Make the election about skills for innovation

 Next government needs a workforce plan for R&D, say Tony Kinsella and Jane Gate

The UK has entered election mode. November’s autumn statement from chancellor Jeremy Hunt was widely seen as firing the starting gun on the campaign, and prime minister Rishi Sunak has hinted that the poll will come in the autumn.

The UK’s innovation, research and technology sector is considering its priorities for the next government. In many ways, it starts from a strong position. With a combined turnover exceeding £6.9 billion, the sector employs over 57,000 scientific and technical staff and contributes an estimated £34bn to UK GDP.

The autumn statement cemented earlier commitments to public investment in science and innovation. The government continues to talk of making the country a science and technology superpower.

There is, though, no room for complacency. Identifying the key levers that the UK government could deploy to harness people, capabilities and collaborations to accelerate innovation is critical—both for the economy and for delivering the level of innovation required to tackle big missions such as chronic ill health, poverty and the climate crisis.

Regardless of who wins the general election, the next government must put the development of people at the heart of the UK’s plan for growth over the next decade. For research and innovation, that should take the form of a comprehensive workforce plan, encompassing education and skills development and involving the key players from industry, academia and the broader sector.

The right mix

Employing the right mix of qualified scientists, engineers and innovative business leaders is critical in driving productivity. It is people who form the bridge that transfers ideas back and forth between academia and commercial markets.

The UK already faces a skills shortage, with the Open University’s 2023 Business Barometer reporting that 73 per cent of organisations have problems finding the right staff. A May 2023 analysis by EngineeringUK found that a quarter of of all job postings were for engineering roles.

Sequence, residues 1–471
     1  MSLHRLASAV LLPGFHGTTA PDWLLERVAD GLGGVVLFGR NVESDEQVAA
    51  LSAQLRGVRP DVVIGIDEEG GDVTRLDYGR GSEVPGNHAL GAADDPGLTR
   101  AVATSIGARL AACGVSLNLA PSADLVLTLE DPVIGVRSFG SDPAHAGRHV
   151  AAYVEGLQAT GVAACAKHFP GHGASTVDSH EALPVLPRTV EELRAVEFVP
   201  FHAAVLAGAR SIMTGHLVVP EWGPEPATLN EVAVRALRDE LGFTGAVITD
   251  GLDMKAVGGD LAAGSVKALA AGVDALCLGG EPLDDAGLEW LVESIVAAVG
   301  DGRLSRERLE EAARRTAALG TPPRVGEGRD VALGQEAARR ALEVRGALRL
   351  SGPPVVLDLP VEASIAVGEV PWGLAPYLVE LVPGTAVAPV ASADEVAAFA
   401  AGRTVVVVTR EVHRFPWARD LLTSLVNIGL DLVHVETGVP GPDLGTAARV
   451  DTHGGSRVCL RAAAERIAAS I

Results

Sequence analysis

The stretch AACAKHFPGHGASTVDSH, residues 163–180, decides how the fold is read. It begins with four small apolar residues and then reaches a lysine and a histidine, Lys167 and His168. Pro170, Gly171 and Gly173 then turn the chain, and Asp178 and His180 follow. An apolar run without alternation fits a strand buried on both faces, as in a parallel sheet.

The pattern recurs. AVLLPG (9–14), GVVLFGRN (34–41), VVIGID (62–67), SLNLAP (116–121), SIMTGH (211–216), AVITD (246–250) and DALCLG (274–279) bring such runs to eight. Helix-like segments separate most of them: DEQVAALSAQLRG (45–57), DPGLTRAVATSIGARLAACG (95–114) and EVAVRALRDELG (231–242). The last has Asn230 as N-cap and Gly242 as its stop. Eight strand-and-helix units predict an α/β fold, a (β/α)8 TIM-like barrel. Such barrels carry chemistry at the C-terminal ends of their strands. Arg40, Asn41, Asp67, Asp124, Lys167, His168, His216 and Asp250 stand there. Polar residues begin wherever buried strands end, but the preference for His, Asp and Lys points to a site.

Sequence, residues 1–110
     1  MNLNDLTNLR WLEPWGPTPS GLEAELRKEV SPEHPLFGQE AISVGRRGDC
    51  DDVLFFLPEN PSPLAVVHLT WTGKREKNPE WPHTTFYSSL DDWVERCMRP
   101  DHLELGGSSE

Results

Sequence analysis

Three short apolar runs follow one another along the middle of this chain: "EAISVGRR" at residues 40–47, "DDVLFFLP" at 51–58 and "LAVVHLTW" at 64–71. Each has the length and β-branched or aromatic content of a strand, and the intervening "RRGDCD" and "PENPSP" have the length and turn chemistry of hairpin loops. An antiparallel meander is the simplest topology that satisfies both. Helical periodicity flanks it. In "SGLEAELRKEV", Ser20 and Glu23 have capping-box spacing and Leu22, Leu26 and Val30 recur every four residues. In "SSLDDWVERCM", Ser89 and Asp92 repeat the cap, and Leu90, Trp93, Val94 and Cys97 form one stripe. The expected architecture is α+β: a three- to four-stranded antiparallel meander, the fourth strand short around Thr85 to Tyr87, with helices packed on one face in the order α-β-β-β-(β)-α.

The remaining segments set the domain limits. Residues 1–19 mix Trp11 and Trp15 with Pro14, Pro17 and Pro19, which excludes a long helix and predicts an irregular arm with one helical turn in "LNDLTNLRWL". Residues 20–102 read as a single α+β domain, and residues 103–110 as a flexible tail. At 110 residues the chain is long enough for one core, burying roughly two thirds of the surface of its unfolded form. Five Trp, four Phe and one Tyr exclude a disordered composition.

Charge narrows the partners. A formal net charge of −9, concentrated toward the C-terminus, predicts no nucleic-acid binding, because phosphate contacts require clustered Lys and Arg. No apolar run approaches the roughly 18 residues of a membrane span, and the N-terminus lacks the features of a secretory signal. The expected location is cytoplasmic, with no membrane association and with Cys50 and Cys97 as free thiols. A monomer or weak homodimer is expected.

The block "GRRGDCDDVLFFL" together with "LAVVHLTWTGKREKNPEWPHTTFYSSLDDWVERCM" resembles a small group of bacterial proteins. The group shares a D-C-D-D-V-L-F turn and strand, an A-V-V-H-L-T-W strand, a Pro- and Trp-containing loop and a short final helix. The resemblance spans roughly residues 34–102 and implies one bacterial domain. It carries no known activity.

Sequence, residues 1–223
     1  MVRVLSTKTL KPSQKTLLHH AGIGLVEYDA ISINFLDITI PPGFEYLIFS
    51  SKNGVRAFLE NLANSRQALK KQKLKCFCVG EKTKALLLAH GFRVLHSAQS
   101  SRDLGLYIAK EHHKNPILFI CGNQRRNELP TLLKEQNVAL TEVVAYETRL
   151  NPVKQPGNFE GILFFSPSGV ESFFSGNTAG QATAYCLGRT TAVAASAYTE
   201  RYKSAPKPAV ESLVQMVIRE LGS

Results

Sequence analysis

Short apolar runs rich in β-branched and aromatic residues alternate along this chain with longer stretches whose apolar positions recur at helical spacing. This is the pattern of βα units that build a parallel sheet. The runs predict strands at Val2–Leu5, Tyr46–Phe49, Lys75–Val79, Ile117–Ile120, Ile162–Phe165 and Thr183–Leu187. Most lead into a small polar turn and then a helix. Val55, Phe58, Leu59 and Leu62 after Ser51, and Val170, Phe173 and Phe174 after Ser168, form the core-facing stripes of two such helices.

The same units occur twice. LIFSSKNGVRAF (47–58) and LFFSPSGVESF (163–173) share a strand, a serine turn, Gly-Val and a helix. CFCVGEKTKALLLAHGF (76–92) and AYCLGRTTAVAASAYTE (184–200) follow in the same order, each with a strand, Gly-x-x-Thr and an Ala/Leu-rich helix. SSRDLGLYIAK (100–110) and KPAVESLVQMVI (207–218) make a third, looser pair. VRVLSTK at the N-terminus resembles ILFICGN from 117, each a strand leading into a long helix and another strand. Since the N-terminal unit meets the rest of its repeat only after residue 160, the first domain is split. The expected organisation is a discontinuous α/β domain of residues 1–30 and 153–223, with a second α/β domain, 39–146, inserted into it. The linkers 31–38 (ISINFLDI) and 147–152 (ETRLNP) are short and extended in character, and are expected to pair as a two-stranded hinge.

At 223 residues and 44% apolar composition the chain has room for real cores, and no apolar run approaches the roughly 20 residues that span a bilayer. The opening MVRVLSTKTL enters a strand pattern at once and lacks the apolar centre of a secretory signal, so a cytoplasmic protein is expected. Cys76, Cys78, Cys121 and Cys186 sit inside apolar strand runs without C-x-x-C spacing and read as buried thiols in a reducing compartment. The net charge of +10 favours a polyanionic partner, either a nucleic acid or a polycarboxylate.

For science and innovation, as well as building the technical skills needed to meet challenges such as adapting to artificial intelligence and driving the green transition, the mix must include growing business skills. It is vital to overcome the peculiar British notion that markets can be bludgeoned into submission with technical prowess and that intellectual horsepower alone is enough to create a business.

Commercial technocrats

Developing commercial capabilities and business acumen in scientists and engineers is vitally important. Translating technologies from the laboratory to the marketplace requires creative and productive people—commercial technocrats—with a visionary mindset and the business skills to understand commercial and customer needs.

These are people with deep and credible technical knowledge, which signals confidence and credibility to the markets. They are also articulate and energising on a commercial front, able to understand and work with the economics of prospective clients and markets at all levels. Commercial technocrats are skilled in two-way communication, where listening often does more good than speaking, and good at persuading and influencing others.

Some approaches aimed at developing people with what it takes to become commercial technocrats are already being applied. We see this at play in training programmes such as the National Physical Laboratory’s Postgraduate Institute for Measurement Science, run in collaboration with universities. Other schemes are in place across the UK’s public sector research establishments, Catapult centres and independent research and technology organisations…Read more